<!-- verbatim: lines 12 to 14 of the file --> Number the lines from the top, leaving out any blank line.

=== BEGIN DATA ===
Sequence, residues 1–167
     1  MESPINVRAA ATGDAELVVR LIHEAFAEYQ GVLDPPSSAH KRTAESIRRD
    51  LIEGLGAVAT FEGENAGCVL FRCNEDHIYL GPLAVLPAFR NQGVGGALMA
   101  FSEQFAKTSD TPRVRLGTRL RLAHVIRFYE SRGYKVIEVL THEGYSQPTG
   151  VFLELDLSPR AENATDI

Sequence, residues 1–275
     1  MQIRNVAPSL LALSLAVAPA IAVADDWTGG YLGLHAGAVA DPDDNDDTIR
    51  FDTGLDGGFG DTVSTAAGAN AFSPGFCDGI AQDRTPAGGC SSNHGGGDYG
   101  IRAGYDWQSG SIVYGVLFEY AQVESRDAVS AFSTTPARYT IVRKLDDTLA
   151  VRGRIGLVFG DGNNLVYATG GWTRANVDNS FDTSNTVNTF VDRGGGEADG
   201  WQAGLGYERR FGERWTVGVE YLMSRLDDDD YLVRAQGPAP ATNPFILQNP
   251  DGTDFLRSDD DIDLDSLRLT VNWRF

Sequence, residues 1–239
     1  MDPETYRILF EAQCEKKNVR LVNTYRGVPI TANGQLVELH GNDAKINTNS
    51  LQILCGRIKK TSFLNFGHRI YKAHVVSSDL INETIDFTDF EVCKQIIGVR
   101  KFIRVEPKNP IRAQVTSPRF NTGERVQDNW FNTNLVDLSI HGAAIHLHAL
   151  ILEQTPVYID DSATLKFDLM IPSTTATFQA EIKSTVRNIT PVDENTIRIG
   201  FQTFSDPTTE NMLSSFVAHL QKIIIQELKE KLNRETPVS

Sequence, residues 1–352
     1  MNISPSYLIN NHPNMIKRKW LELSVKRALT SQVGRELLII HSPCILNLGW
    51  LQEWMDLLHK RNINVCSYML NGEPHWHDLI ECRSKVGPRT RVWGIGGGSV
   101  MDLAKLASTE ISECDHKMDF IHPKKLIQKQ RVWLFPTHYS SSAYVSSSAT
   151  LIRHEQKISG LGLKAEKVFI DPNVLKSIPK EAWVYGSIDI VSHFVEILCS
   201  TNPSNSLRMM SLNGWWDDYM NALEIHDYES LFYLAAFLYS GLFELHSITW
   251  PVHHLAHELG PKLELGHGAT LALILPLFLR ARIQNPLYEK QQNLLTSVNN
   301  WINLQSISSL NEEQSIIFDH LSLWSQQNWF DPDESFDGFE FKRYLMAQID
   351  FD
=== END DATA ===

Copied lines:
   251  DGTDFLRSDD DIDLDSLRLT VNWRF

Sequence, residues 1–239
     1  MDPETYRILF EAQCEKKNVR LVNTYRGVPI TANGQLVELH GNDAKINTNS